Update info

Updated every Friday.

Friday, March 23, 2018

March 23rd

What happened this week?

March 22nd, 2018, marks the 25th annual World Water Day, which the United Nations started to raise awareness around the importance of water.
World Water Day logo
As water shortage looms for 5 billion by 2050 without action, the United Nations World Water Development Report says that nature-based solutions can improve the supply and quality of water and reduce the impact of natural disasters. A key focus on the study is the importance of preserving wetlands, which cover only about 2.6 percent of the planet. Wetlands act as natural barriers that soak up and capture rainwater limiting soil erosion and the impacts of certain natural disasters such as floods. Nevertheless, the use of nature-based solutions remains marginal and almost all investments are still channeled to grey infrastructure projects. Yet, to satisfy the ever-growing demand for water, green infrastructure appears to be a promising solution complementing traditional approaches. The authors of the report therefore call for greater balance between the two, especially given that nature-based solutions are best aligned with the Sustainable Development Goals adopted by the United Nations in 2015... Read more

Interesting Facts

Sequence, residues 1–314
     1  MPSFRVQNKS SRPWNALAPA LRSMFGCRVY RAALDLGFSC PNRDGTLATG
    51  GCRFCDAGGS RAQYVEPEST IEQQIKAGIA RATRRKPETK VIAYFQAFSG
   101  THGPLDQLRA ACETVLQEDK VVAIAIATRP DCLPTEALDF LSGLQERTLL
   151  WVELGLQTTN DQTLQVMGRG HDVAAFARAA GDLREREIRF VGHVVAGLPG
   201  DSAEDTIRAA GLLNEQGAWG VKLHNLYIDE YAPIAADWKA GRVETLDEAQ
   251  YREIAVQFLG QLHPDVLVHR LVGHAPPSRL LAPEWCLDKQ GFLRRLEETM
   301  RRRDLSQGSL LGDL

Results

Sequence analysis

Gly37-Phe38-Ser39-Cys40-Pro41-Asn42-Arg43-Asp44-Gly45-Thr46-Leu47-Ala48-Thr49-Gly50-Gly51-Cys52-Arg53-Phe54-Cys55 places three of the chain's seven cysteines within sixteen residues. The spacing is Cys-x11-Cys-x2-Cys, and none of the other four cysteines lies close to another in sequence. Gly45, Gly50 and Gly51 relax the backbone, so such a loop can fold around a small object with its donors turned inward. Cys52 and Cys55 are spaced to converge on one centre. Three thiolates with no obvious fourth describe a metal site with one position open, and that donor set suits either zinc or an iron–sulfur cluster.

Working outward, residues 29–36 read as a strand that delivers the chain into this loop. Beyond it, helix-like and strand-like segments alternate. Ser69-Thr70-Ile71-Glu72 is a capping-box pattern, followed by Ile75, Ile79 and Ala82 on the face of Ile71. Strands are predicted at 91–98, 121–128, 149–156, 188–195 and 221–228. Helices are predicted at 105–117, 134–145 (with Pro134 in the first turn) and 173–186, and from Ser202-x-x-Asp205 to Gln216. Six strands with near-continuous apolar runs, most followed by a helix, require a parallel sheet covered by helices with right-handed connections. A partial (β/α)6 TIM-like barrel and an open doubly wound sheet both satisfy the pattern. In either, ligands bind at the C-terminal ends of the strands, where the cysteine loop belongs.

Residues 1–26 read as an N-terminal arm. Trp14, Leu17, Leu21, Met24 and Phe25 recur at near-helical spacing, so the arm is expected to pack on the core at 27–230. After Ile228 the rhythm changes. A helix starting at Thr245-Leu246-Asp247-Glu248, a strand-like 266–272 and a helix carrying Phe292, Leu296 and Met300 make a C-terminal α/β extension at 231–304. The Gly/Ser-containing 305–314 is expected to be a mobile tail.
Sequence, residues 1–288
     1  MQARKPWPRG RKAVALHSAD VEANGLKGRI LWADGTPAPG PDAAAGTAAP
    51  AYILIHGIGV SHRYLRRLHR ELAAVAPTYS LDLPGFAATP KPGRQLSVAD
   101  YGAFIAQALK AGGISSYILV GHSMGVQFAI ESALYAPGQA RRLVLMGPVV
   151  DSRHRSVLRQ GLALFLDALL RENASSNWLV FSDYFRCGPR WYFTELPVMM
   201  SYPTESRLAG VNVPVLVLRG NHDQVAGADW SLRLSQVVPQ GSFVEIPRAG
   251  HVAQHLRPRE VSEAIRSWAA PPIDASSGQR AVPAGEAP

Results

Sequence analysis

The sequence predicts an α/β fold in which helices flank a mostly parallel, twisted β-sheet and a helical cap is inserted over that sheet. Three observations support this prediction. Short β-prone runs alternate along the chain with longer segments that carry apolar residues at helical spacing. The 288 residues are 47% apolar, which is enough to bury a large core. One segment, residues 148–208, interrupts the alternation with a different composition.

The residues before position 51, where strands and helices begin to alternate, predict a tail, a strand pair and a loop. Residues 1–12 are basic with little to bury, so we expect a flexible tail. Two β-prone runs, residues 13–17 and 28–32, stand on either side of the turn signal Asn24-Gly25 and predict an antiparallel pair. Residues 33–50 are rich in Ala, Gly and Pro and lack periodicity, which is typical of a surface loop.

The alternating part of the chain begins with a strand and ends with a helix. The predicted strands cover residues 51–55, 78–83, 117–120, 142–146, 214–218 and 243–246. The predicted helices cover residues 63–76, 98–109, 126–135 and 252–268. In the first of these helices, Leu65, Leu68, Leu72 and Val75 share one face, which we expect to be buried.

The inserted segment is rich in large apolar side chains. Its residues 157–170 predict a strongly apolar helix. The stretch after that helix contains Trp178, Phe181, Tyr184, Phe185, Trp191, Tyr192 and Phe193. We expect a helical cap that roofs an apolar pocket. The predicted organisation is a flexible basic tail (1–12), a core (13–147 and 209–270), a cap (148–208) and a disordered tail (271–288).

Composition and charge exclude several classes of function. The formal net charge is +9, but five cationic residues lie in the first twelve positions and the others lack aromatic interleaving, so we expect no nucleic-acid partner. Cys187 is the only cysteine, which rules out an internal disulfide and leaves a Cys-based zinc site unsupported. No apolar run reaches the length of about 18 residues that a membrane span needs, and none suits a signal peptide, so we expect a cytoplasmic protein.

If no action is taken, there will be more than 143 million internal climate migrants across the regions of Latin America, South Asia, and Sub-Saharan Africa by 2050

A new World Bank report has found that by 2050 the worsening impacts of climate change in three densely populated regions of the world could see more than 140 million people move within their countries’ borders.
With concerted action, however, including global efforts to cut greenhouse gas emissions and robust development planning at the country level – this worst-case scenario could be dramatically reduced, by as much as 80 percent, or 100 million people. The report identifies “hotspots” of climate in- and out-migration. These include climate-vulnerable areas from which people are expected to move, and locations into which people will try to move to build new lives and livelihoods... Read more

How private and public finance can help us to fight climate change

School children wearing masks leave school early at noon due to heavy air pollution, at a primary school in Shenyang, Liaoning province, November 13, 2015. According to Xinhua News Agency, lingering smog has disrupted traffic in northeast China's Liaoning Province, closing highways and delaying trains. REUTERS/Stringer CHINA OUT. NO COMMERCIAL OR EDITORIAL SALES IN CHINA - GF20000057495 According to the Economist Intelligence Unit, the expected losses to investment portfolios due to climate change in today’s money lie between $4.2 trillion and $13.9 trillion. However, changing course remains very possible. Forecasts from the International Energy Agency suggest that up to $120 trillion in global infrastructure investments will be made before 2050, with most activity in emerging economies. Aligning these investments with a low-carbon future increases this figure by $44 trillion, but once the infrastructure is in place, radically lower fuel costs generate long-term real savings of $74 trillion. Funding the green transition should not be seen as a cost or a burden to investors who take a long-term view. But since many investors are assessed by short-term performance, they have an incentive to follow shorter-term strategies. And for those who can consider longer-term risks, there are not enough green investment opportunities into which they can redirect their capital. ... Read more

No comments:

Post a Comment